• Gender and Game Mechanics: Part 3 – How we fare in Care and Justice

    by  • August 28, 2013 • Essays • 2 Comments

    This is part three of a series. The first post can be found here: Gender and Game Mechanics Series: Part 1 – Introduction and the previous post here: Gender and Game Mechanics Series: Part 2 – Care and Justice Mediation.

    Last time, I discussed care-oriented and justice-oriented mediation, and had a brief look at how the conflict resolution in traditional RPGs exhibited principles of justice oriented mediation. I ended by asking the questions:

    What does engagement with justice oriented systems mean to a woman with care orientation? What does it mean to her relationship to the system, the game, the experience, the people she plays with and the hobby at large?

    To understand this, the first thing we have to consider is what being care-oriented means – not in terms of gender, nor in terms of how we prefer to resolve conflicts  - but in terms of what we need to do to communicate with those that don’t think the way we do. I think it’s helpful to think of this in terms of language as the two things work similarly. We learn them both in the same stage of development. Both are learned in an iterative process of observation and repetition that teaches us how to be in the world, forming a bridge between our identity and what our community tells us that should mean for us.

    The longer we spend exercising our patterns, the better we are at working in them, and the more strongly we prefer them. At the same time, as we get older we obtain more exposure to new environments and learn what they expect from us. When we encounter communities that want different things from us than we have practiced and prefer, we learn (to varying degrees of success) to “code switch”  or move between the language and orientation that we have practiced and try to “speak” the new community’s “language”  in an effort to fit in. So even though we have learned default modes, we try hard to pick up other modes like second languages, and use them when we need to. However, as ESL speakers could tell you: even when we can become highly skilled in a new language, communicating outside your native tongue is never as easy, natural, comfortable, or as advantageous for you as communicating inside it – it’s fighting what you have learned as a default state.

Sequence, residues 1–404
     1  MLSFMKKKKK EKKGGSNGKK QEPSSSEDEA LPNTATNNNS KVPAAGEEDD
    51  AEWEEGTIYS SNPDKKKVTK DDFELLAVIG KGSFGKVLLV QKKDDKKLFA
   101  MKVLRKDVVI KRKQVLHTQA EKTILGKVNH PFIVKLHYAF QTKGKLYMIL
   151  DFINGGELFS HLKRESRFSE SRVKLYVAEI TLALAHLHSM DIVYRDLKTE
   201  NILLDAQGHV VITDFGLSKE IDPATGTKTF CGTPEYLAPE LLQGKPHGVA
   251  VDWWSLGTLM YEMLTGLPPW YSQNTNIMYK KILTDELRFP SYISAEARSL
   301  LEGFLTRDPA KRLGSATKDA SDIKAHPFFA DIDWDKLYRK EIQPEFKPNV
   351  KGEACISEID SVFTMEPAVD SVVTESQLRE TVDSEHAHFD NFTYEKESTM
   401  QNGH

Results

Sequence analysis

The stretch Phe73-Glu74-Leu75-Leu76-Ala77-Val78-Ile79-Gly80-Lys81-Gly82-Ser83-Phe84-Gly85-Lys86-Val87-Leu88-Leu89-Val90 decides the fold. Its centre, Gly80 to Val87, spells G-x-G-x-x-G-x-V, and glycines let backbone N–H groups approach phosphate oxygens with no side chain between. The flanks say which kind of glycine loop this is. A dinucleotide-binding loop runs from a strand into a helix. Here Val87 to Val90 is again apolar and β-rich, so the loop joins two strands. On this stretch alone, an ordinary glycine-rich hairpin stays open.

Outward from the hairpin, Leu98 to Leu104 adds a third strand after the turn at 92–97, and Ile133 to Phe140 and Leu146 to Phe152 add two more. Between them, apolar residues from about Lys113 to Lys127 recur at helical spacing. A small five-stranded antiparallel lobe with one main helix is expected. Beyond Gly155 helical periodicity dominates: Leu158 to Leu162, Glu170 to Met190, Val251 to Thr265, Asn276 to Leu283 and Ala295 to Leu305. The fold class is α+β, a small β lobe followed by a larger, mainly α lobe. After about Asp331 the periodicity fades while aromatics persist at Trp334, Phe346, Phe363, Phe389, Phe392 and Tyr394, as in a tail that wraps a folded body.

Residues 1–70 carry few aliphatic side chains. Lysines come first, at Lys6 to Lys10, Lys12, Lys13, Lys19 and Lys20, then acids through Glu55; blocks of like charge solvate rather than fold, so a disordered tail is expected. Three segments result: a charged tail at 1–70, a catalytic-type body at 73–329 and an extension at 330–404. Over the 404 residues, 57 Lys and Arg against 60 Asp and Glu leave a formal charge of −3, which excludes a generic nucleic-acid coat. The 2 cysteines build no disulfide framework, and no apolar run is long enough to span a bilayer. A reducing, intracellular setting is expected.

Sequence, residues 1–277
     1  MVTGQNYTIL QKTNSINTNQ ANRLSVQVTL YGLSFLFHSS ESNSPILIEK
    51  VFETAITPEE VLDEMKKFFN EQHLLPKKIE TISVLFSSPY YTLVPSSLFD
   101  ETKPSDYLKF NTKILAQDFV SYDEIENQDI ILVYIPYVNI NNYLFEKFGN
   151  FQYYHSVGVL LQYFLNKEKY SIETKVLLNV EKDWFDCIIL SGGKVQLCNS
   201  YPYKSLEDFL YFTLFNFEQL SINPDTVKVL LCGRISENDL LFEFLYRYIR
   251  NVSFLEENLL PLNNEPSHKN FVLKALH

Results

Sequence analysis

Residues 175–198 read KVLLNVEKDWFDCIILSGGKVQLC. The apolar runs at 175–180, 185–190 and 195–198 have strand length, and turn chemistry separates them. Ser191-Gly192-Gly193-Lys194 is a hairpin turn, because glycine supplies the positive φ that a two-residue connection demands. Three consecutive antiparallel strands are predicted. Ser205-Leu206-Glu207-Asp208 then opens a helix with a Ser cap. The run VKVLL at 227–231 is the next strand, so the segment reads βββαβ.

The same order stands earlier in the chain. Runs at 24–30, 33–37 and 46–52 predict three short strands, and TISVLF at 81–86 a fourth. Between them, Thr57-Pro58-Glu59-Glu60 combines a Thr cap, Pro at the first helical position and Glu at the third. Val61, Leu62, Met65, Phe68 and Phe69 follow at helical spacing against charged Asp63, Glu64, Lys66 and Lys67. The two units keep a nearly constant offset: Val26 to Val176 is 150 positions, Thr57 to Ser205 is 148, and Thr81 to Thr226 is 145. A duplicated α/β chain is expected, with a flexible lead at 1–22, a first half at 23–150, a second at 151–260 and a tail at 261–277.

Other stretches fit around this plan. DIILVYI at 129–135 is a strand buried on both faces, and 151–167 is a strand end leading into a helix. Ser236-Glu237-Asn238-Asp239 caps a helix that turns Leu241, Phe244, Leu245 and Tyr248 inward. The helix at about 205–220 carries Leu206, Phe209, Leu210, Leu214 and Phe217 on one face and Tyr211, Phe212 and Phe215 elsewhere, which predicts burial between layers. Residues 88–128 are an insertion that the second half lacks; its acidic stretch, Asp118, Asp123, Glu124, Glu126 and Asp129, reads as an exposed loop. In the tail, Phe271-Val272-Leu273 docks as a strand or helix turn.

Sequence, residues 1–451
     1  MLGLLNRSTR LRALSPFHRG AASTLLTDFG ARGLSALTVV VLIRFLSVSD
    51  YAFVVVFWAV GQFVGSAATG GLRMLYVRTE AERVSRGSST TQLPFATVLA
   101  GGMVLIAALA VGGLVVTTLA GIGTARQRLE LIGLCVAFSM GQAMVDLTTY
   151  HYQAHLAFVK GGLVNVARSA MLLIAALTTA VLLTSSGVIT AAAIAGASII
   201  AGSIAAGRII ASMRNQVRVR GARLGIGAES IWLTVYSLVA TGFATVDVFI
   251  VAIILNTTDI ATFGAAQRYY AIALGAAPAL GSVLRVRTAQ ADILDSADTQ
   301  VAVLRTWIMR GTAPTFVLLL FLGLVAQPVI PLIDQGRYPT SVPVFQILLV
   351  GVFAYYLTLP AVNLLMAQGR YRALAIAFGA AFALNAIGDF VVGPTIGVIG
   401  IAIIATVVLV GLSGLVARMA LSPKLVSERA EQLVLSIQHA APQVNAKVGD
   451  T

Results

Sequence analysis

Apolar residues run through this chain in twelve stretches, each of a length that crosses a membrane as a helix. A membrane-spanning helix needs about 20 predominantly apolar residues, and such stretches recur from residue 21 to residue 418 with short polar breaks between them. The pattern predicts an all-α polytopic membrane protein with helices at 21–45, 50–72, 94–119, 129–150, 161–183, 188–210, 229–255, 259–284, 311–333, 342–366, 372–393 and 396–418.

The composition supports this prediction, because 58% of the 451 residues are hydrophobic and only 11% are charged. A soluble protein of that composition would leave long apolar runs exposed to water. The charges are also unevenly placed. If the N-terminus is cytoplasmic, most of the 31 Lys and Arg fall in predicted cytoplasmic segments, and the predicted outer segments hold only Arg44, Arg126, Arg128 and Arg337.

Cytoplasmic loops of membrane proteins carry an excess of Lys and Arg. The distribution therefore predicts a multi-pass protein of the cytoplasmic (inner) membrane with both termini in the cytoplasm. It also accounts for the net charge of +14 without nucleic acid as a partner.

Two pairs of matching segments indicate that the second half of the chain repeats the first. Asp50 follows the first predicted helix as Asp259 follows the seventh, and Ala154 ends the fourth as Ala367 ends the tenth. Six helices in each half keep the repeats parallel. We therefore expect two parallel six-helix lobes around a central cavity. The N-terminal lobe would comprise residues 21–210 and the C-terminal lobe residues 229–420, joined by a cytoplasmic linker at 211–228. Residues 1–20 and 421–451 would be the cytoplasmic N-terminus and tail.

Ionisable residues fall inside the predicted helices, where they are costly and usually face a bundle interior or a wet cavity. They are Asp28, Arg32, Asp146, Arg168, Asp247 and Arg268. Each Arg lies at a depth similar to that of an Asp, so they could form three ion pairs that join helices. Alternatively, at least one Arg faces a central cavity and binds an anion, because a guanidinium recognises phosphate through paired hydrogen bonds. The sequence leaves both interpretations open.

This is not about capacity, it is about struggle. Any given care-oriented person may learn enough fluency and skill in justice mediation to perform as well as any given justice-oriented person, however they must struggle through and overcome cognitive friction to do so.

    So if care-oriented folks can learn to work in justice-oriented systems, why do we care? Well, friction is an essential component here because we are talking about engagement with our hobby. We are not saving ourselves from legal strife, feeding our children, or making our lives out of the practice of RPGs. Rather RPGs are the place we come to play. To explore, create, dream, experience, relax and restore. Energy lost in overcoming friction translates to fulfillment and engagement loss to the participant in a place where fulfillment and engagement is the point. It’s like going for a leisure bike ride with your breaks half engaged.

    Fluency gap isn’t just a matter of an individual’s struggle to perform in accordance with the activity, it’s also a matter of the quality of an individual’s interaction with other individuals engaging in the same activity.

    Here we should go back and re-visit the definitions of the care and justice orientations from my last post where the value priorities of the two modes are revealed: relationship based communion, harmony and reciprocity (care) vs. individualistic autonomy, agency and fairness (justice).